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Formatting Number Output in Java

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Hi all! Often, numbers come into our methods that need to be displayed in some special format. It seems like a small thing, but how would you implement this task? Formatting Number Output in Java - 1Let's think about this for a bit today. First, to dive head first into Java number formatting, let's recall the format method of the String class : public static String format(String format, Object… args) - returns a string formatted from the format string with the rest of the args . And just an example:
String str = String.format("Hi - %s! How are you %s?", "Sasha", "At work");
As a result, we will get the output in the console:
Hello Sasha! How are things at work?

printf and format methods

String.format() is not the only method for formatting a string. Its counterparts are System.out.printf() and System.out.format(); . So, we can replace the previous code with:
System.out.printf("Hi - %s! How are you %s?", "Sasha", "At work");
System.out.format("Hi - %s! How are you %s?", "Sasha", "At work");
The output in the console will remain the same. The only difference is that these methods immediately print the value to the console, unlike String.format() . But I like String.format() better because we don't always need to print the result to the console, so we'll use that method later on. Let's return to our example. What do we see? And the fact that in places where there were symbols - %s , lines are inserted - "Sasha" and "at work". How can this help us in development? Imagine that you have a large template text, but in some places you need to insert values ​​that can be different and come as arguments from outside. This is where this formatting comes in handy. Format specifiers begin with a percent sign % and end with a character indicating the type of argument to be formatted. And, as you probably understood, %s is used to insert objects - strings. But if we try to insert, for example, a double in the place where the string object is registered:
String str = String.format("Hi - %s! How are you %s?", 55.6, "At work");
this will also work. double will be cast to a string, and we get:
Hello - 55.6! How are things at work?
Besides strings and floating point numbers, there are other types in Java, right? So let's take a look at the whole arsenal:
The type of value being formatted Example
%s Any type that will be cast to a string
String.format("Hi %s!","world")
Hello World!
%b Any type that will be cast to boolean : true if the value is not null, false if null
String.format("Hi %b!",null)
hello false
%h You can pass any object that will be cast to the hexadecimal string of the value from the hashCode() method
String.format("Hi %h!","world")
Hello 106c44!
%c Used to set a Unicode character ( char )
String.format("Hello m%cr!",'And')
Hello World!
%d Specifies an integer ( int. byte, short, int, long, BigInteger )
String.format("I'm already %d!",20)
I'm already 20!
%f Used to set a floating point number
String.format("PI is - %f!", 3.14159)
The number PI is - 3.141590!
%e Floating point numbers in scientific notation
String.format("PI is - %e!", 3.14159);
The PI number is - 3.141590e+00!
%a Floating point numbers will be represented in hexadecimal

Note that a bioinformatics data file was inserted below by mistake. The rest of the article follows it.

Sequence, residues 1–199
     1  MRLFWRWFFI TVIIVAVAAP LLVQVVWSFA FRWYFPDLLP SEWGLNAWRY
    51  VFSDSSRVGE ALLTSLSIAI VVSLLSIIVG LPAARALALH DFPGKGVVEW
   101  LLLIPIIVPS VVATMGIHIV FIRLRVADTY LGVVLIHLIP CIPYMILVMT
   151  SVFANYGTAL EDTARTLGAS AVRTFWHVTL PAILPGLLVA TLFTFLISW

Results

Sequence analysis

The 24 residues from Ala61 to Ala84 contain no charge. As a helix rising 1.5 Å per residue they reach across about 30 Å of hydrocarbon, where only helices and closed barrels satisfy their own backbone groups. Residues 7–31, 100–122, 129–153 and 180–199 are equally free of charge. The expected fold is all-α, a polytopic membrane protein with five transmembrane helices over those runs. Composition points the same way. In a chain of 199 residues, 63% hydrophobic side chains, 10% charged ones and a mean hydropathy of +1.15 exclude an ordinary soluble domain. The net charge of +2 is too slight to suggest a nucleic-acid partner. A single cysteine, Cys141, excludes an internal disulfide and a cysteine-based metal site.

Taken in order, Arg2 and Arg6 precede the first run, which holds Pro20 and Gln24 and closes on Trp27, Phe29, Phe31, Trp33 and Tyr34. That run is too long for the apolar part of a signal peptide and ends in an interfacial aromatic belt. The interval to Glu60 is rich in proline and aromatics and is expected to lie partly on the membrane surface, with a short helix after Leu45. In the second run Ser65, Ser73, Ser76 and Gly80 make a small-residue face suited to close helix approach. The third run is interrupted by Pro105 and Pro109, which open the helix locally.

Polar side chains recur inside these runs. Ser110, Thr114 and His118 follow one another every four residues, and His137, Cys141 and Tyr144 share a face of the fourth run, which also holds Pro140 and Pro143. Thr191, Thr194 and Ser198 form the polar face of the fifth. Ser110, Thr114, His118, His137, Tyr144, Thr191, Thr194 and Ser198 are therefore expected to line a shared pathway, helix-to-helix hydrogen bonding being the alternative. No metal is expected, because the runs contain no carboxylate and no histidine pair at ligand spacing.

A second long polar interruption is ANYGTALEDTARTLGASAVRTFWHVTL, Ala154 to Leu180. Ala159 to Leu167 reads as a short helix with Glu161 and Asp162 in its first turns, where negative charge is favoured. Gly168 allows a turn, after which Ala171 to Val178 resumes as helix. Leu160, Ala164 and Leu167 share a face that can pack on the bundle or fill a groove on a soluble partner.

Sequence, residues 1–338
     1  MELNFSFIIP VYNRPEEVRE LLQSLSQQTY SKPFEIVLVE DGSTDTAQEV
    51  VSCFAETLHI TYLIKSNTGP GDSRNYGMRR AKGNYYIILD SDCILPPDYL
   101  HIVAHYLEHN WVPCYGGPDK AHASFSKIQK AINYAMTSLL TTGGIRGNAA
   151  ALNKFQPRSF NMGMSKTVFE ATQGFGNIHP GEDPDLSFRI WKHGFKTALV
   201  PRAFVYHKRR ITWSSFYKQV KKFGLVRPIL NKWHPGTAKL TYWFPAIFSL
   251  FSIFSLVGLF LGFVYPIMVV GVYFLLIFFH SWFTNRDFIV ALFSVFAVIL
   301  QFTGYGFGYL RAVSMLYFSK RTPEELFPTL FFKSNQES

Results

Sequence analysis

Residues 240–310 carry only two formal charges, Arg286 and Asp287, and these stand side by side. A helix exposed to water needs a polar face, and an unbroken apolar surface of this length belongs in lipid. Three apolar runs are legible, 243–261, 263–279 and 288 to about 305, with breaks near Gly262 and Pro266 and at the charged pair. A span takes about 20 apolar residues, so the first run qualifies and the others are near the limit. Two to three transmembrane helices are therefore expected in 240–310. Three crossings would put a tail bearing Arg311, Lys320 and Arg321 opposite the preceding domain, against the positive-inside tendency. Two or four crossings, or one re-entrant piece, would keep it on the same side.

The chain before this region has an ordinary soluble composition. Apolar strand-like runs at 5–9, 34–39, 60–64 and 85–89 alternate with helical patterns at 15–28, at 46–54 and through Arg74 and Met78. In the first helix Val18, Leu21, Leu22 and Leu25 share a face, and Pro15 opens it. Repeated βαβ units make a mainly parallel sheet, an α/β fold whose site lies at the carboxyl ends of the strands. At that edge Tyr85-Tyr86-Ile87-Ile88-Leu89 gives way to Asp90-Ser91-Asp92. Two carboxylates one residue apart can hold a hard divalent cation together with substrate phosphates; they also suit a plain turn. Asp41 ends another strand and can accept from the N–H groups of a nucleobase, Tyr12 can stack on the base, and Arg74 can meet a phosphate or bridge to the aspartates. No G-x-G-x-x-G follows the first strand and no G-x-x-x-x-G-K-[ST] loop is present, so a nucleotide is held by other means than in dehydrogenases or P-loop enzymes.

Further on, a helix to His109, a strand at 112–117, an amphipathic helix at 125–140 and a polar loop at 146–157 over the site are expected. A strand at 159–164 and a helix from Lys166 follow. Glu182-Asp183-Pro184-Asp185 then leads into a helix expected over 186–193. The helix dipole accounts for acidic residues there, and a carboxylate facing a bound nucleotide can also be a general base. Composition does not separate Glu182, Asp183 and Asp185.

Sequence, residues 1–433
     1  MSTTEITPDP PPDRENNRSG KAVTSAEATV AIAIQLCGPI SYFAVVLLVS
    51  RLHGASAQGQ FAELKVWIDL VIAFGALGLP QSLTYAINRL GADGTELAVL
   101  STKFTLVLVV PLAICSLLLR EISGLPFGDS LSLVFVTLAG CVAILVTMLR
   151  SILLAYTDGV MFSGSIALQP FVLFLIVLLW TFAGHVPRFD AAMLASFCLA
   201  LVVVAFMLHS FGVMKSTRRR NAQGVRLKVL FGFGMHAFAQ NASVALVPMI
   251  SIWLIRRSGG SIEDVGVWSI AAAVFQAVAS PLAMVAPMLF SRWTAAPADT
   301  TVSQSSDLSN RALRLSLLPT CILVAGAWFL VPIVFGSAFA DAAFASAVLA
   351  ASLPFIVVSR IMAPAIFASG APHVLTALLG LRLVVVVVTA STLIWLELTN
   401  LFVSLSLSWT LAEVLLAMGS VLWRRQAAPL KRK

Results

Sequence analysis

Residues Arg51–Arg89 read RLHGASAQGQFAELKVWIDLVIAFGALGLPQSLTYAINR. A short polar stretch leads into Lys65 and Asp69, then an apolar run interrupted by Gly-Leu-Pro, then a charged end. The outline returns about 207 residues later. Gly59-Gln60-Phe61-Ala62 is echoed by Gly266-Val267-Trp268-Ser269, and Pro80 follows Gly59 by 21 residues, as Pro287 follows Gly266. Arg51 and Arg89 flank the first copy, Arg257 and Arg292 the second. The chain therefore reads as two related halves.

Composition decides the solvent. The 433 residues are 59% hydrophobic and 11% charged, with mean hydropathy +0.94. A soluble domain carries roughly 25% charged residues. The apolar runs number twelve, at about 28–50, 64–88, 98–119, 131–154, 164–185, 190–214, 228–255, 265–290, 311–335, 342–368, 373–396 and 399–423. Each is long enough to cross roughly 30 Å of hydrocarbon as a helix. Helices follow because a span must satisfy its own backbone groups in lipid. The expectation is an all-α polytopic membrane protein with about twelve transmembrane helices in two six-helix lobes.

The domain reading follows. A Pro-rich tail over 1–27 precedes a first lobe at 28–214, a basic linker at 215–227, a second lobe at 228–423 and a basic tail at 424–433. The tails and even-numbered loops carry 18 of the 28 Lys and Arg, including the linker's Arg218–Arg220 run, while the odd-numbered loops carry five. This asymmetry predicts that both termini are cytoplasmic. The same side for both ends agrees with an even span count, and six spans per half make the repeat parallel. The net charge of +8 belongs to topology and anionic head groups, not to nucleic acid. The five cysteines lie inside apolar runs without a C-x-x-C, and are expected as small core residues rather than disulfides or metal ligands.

String.format("PI is - %a!", 3.14159)
The PI number is - 0x1.921f9f01b866ep1!
%x An integer ( int. byte, short, int, long, BigInteger ) is passed, the result of formatting will be the character with the given number in the ASCII table
String.format("I'm already %x!",25)
I'm already 19!
%o An integer is accepted ( int. byte, short, int, long, BigInteger ), which will be represented as an octal number
String.format("I already %o!",25);
I'm already 31!
%t Prefix for date and time conversions. Formatting requires additional flags
String.format("Today is %tA",new Date())
Today is Saturday
%n Platform-specific line separator. Analog \n
String.format("Hello %n Hello")
Hi Hi
Let's use a more appropriate format for double :
String str = String.format("The distance from Kyiv to Odessa is %f. Not so short, is it?", 475.4d);
Console output:
The distance from Kyiv to Odessa is 475.400000. Not so little, is it?
As you already understood, %f would be a more appropriate specifier for floating point numbers, which include data types such as double and float in Java. With this specifier, we can format a floating point number:
String str = String.format("The distance from Kyiv to Odessa is %.2f. Not so short, is it?", 475.4d);
Inserting .2 into this specifier will truncate the number of decimal places to two, and we get the output:
The distance from Kyiv to Odessa is 475.40. Not so little, is it?
.2 is not the only subset of specifiers. The combination of these subtunings is called an instruction . Formatting Number Output in Java - 2The general form of the instruction is as follows:
%[argument_index][flags][width][.precision]type specifier
And now let's decipher everything in order:
  • [argument_index] is an integer indicating the position in the list of arguments. For example, a reference to the first argument is $1, a reference to the second argument is $2, and so on. If no position has been given, the arguments must be in the same order as they are referenced in the format string.
  • [flags] - special characters for formatting. For example:
    • + flag meaning that if the numeric value is positive, it must include the + sign
    • - means left alignment of the result
    • , sets the thousands separator for integers
  • [width] is a positive integer decimal number that specifies the minimum number of characters to be printed. If this number is preceded by 0, then the missing characters will be padded with 0, if there is no 0, then spaces.
  • [.precision] is a non-negative integer with a dot in front of it. Typically used to limit the number of characters. The specific behavior depends on the particular type of specifier.
I would also like to note that all of the above elements of the instructions are optional, and everything will work without them. As an example of using subtuning, let's say we want a specific output of pi:
String str = String.format("%1$+09.5f", 3.1415926535897);
And accordingly, the output in the console:
Seems easy, right? But when it comes to number formatting, you can't ignore DecimalFormat . Let's see what is meant.